TEXT OF INTERVIEW
Doug Krizner: Today, leading toy maker Mattel launched an ad campaign to reassure parents its products are safe. You'll remember back two weeks, when the company recalled 1.5 million toys made in China because of lead paint contamination.
Now, a second recall, and it's nearly six times the size of the first.Today, nearly 9 millions products were cited, with problems ranging from lead paint to magnets that can be harmful if swallowed.
Let's bring in Eric Johnson, he teaches at the Tuck School of Business at Dartmouth. Eric, you follow the toy industry, what's your reaction to this news?
Eric Johnson: You have to know, of course, that toys have been safely made in China for a long time. So while I'm sure some American consumers are waking up this morning and thinking "Oh my goodness, I don't want to buy toys made in China," for American consumers to avoid Chinese toys would be very difficult.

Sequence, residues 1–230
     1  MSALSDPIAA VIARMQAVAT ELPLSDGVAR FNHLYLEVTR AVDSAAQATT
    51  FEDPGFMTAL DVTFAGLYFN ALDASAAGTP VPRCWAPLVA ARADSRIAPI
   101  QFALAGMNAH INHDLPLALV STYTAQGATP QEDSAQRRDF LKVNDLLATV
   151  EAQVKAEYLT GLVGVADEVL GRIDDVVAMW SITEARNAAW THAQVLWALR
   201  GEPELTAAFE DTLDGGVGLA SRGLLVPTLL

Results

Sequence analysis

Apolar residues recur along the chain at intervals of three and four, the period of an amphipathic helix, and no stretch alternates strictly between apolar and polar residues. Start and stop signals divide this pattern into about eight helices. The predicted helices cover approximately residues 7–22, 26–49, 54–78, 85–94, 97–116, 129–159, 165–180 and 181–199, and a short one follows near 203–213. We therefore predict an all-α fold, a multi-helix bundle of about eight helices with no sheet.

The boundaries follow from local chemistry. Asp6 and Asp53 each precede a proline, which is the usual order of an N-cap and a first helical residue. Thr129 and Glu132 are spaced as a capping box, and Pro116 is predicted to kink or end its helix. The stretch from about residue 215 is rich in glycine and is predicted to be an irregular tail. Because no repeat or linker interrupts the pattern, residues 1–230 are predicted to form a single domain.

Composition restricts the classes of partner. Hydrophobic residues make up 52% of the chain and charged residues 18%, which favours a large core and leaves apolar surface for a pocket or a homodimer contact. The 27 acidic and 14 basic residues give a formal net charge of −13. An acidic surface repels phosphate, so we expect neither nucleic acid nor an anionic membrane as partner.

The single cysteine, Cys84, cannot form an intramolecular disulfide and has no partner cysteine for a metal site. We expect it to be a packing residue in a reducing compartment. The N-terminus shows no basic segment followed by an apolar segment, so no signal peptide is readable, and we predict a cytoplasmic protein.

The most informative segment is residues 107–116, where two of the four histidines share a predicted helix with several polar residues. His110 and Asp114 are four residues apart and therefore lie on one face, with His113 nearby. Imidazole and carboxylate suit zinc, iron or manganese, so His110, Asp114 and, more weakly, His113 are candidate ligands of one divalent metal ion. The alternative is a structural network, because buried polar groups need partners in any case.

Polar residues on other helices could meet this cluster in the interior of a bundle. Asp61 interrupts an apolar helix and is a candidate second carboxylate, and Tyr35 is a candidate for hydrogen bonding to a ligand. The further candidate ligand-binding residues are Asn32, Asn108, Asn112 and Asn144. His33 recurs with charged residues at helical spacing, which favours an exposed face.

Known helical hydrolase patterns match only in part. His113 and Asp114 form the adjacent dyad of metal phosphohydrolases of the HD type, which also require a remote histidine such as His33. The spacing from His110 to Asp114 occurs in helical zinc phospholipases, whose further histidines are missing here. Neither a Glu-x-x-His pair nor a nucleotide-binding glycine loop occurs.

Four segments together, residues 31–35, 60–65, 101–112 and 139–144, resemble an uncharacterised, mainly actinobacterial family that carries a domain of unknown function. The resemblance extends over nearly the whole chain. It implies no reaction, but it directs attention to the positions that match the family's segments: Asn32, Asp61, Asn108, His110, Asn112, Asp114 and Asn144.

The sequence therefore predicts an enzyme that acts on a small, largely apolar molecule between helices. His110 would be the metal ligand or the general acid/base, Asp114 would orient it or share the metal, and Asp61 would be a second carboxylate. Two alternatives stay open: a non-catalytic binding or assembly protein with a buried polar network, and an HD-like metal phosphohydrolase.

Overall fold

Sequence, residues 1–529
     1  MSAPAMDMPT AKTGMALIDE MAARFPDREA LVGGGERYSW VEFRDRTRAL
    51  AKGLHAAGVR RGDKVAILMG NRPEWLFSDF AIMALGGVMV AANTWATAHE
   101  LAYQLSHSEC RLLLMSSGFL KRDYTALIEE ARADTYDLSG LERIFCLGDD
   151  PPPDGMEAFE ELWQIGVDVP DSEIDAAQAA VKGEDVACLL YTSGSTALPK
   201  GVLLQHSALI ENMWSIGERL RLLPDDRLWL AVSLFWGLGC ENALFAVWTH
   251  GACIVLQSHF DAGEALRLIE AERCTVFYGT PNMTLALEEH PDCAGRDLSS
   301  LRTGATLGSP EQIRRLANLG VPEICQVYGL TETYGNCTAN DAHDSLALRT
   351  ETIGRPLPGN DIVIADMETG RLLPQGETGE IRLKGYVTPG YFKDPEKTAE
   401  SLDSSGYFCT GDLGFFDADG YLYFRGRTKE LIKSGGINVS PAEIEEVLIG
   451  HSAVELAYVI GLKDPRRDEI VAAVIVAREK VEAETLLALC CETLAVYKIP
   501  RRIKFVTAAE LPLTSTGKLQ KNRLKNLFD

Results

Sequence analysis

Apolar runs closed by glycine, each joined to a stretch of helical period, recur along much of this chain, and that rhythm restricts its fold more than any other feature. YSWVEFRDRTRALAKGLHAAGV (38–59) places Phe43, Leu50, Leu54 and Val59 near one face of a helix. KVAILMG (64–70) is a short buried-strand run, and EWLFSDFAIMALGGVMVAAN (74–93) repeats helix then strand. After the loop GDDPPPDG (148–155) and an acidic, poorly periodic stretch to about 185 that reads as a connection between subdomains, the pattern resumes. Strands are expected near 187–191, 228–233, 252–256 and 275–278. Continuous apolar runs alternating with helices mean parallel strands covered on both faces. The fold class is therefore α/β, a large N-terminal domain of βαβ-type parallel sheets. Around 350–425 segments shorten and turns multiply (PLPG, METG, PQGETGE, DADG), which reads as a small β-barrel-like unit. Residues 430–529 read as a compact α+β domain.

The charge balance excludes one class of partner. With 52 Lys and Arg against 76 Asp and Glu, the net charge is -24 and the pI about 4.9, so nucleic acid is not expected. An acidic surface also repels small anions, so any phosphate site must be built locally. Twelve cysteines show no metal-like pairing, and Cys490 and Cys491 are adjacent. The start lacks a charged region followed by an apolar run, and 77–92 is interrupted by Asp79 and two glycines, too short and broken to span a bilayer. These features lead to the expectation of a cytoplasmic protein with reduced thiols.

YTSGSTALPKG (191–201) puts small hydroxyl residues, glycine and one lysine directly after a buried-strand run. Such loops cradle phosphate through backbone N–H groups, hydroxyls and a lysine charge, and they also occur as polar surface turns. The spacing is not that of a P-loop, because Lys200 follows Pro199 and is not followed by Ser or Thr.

Krizner: Eighty percent of what the world sees in terms of volume comes from Chinese manufacturers.
Johnson: That is a lot, and you know, 80 percent may be even underestimating it. I mean it, truly, the vast majority of toys come from China.
Krizner: Is it a production problem that occurred as volume increased, as the demand for Chinese manufacturing became greater? I mean, they just were unable to deal with the pick-up in the volume of work?
Johnson: I don't think it was that. I think, you know, the lesson here and the lesson I'll be teaching my students is that, you know, when you outsource to China — just as you outsource to any new environment — you have to really understand the supplier base. And in this particular case, Mattel has, you know, a supplier that's gone bad on them. They should be able to catch that.
Krizner: Eric Johnson is professor of business at Dartmouth's Tuck School of Business. Thanks very much for talking with us.
Johnson: You're welcome.